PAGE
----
DOE welcomes the ongoing completion of natural gas projects in Luzon
Power Energy

DOE welcomes the ongoing completion of natural gas projects in Luzon

Nov 24, 2022, 7:11 AM
Kaithe Santos

Kaithe Santos


The Department of Energy (DOE) is delighted that natural gas projects in Luzon are still being finished. This additional power source has an effect as Luzon struggles with a lack of power supply.

To stabilize the supply of electricity in 2023, the Department of Energy (DOE) welcomed the ongoing completion of natural gas projects in Luzon.

Energy Secretary Raphael P.M. Lotilla mentioned that "there is a need to diversify our power sources, including the use of liquefied natural gas."

“Given its scheduled availability at the end of the first quarter of 2023, liquefied natural gas (LNG) is considered an important source for fuel diversification,” he added.

This will complement ongoing efforts of the Malampaya Consortium to optimize sustainably the remaining indigenous gas in the Malampaya-Camago reservoir, Business Mirror reported.

Lotilla said that liquefied natural gas also contributes to stabilizing the power supply from renewable energy sources.

Linseed Field Power Corporation (Corp.), a partnership between San Miguel Corporation (SMC) and Atlantic Gulf & Pacific Company (AG&P), is on schedule to finish its first integrated LNG import terminal in Barangay Ilijan in Batangas City, based on the progress reports provided by the LNG project proponents to the DOE's Oil Industry Management Bureau.

For the 1,200 megawatts (MW), Ilijan combined cycle power plant, commissioning is planned for March 2023, and commercial operation for April 2023, just in time for SMC's LNG supply to arrive. As Luzon deals with a lack of power supply, this additional power source has an impact.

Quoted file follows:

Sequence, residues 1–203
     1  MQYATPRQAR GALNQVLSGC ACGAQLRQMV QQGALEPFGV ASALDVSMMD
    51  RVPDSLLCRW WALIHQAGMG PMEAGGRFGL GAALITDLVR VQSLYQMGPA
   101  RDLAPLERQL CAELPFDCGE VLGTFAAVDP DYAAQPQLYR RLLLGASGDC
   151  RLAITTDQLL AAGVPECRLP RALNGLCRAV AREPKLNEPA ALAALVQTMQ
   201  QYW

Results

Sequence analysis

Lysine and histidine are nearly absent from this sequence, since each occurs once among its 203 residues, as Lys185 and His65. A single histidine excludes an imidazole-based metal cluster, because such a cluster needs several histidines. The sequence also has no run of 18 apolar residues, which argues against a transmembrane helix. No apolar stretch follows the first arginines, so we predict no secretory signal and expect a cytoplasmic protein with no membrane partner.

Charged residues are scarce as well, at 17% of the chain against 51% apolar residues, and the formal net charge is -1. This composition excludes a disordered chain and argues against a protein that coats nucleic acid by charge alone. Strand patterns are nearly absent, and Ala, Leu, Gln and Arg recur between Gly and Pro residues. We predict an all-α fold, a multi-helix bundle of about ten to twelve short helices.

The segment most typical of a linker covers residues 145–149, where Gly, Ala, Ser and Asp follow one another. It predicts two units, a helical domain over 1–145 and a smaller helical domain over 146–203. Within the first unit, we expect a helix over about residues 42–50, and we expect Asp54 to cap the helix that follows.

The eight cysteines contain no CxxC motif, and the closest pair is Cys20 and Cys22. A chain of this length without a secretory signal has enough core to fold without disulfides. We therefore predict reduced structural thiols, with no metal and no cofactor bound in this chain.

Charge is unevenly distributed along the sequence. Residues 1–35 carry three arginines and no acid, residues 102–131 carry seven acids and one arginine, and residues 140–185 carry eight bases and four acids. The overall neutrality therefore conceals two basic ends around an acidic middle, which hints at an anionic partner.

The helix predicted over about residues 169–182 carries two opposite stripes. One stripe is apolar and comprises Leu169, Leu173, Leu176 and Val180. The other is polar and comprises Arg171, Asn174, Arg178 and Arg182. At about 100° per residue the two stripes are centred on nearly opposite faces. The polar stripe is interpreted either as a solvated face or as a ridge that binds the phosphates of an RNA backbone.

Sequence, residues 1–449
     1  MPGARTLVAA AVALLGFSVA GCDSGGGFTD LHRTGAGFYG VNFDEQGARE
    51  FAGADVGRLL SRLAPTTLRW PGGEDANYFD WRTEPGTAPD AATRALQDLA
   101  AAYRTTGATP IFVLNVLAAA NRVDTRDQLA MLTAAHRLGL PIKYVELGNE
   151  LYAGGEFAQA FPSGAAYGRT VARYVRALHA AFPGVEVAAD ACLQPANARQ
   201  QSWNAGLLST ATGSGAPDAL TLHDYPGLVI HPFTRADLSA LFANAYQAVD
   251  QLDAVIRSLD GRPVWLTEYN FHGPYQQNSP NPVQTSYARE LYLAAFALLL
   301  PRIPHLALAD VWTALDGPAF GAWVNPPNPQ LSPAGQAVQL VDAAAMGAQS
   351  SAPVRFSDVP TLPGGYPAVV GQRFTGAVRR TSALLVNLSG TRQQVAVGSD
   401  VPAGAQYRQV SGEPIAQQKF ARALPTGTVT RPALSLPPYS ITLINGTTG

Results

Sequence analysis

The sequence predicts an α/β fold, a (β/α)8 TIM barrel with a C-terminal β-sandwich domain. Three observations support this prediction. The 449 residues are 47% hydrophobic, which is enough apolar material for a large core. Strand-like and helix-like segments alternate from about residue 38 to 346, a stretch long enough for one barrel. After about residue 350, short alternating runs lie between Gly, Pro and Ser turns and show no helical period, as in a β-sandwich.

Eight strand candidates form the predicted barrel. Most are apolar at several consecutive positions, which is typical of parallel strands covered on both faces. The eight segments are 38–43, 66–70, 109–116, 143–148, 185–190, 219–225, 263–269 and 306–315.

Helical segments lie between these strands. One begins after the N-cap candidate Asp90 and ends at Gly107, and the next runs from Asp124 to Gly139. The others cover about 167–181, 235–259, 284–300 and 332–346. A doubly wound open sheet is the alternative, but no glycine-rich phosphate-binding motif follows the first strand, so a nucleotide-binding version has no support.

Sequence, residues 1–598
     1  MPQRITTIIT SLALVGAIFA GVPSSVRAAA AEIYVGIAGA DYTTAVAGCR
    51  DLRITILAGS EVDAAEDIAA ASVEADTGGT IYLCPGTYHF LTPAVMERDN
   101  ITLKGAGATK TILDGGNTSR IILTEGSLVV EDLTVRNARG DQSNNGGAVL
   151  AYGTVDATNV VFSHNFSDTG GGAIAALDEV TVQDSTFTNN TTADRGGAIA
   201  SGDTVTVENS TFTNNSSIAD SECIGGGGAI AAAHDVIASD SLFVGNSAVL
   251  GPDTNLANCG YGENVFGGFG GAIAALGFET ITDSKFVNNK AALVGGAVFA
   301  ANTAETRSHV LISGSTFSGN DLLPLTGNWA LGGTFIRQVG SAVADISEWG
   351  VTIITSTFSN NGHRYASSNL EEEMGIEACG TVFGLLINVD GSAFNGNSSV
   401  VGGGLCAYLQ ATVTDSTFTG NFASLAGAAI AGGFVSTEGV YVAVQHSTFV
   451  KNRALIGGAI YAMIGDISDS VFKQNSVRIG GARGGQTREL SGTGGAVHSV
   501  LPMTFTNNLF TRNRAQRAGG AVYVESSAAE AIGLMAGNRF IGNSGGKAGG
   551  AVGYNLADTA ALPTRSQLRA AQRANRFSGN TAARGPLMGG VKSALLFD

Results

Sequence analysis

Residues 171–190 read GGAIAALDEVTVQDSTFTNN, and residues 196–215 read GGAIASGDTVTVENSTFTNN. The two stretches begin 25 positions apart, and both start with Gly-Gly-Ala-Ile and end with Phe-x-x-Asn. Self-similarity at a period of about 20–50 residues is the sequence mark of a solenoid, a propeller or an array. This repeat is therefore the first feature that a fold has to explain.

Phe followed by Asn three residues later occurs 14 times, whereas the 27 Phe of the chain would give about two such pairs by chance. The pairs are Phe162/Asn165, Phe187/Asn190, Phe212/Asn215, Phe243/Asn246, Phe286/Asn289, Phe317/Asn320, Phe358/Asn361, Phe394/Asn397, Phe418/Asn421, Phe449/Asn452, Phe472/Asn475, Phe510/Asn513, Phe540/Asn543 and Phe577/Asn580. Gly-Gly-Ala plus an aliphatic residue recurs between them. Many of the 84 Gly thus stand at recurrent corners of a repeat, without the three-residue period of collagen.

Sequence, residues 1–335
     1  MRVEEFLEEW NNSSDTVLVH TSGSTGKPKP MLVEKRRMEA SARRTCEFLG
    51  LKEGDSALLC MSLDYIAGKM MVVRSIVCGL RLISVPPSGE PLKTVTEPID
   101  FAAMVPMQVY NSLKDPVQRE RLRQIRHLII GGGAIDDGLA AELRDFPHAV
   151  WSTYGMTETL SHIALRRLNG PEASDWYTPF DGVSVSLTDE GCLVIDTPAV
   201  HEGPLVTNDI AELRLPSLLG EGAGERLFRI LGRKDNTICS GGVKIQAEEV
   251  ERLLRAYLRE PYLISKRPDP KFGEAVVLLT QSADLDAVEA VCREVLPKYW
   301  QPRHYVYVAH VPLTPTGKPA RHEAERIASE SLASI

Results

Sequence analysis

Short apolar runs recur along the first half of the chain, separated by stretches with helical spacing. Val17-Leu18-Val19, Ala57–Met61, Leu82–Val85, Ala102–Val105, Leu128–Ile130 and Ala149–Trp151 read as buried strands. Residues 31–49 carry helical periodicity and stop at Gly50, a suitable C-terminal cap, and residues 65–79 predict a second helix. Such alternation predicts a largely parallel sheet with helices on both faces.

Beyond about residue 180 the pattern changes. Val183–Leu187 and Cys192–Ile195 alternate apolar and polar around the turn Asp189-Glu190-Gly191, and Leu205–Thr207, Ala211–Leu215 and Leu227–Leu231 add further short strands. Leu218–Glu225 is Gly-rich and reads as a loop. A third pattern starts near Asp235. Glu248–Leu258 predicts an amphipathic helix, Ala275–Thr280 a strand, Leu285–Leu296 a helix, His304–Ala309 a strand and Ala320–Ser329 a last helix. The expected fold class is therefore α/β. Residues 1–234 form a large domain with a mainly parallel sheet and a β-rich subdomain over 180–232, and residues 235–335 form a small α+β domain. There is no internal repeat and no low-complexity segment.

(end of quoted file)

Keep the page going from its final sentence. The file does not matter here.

Meanwhile, First Gen (FGEN) LNG Corp., a subsidiary of First Gen Corporation, with BW LNG providing LNG storage and regasification services, is also scheduled for the commissioning of its LNG terminal in March 2023, while the commercial operation is set in June 2023, in line with the arrival of LNG supply to fuel its existing gas-fired power plants such as the 1000 MW Sta Rita Power Plant, 500 MW San Lorenzo Power Plant, 414 San Gabriel Power Plant and the 97 MW Avion Power Plant.

“Our foremost concern is to ensure that there is enough capacity supplied through various sources most especially in the coming summer months to sustain the power supply in the country”, Lotilla said.

In addition, stranded power from coal-fired power plants in Bataan is included in the additional supply due to transmission constraints.

Further, natural gas will be able to support intermittent renewable energy sources due to its ability to provide flexible capacity.

This flexibility allows LNG plants to serve not only peaking requirements to support renewables and ancillary power but can likewise provide mid-merit and base load requirements.

The DOE has already finished its downstream natural gas development plan and established the regulatory framework needed to direct stakeholders and policymakers on the entry of LNG into the country.

In line with this, the DOE, in its iteration of the Philippine Energy Plan (PEP), presented a roadmap for a Clean Energy Scenario, which supports the United Nation’s Sustainable Development Goals.

Under the Clean Energy Scenario, the government aims to transition to a cleaner energy and low-carbon future. which considers increasing the contribution of natural gas power generation as a transition fuel through the establishment of LNG receiving terminals and regasification facilities

Tags: #DOE, #powersupply, #LiquefiedNaturalGas

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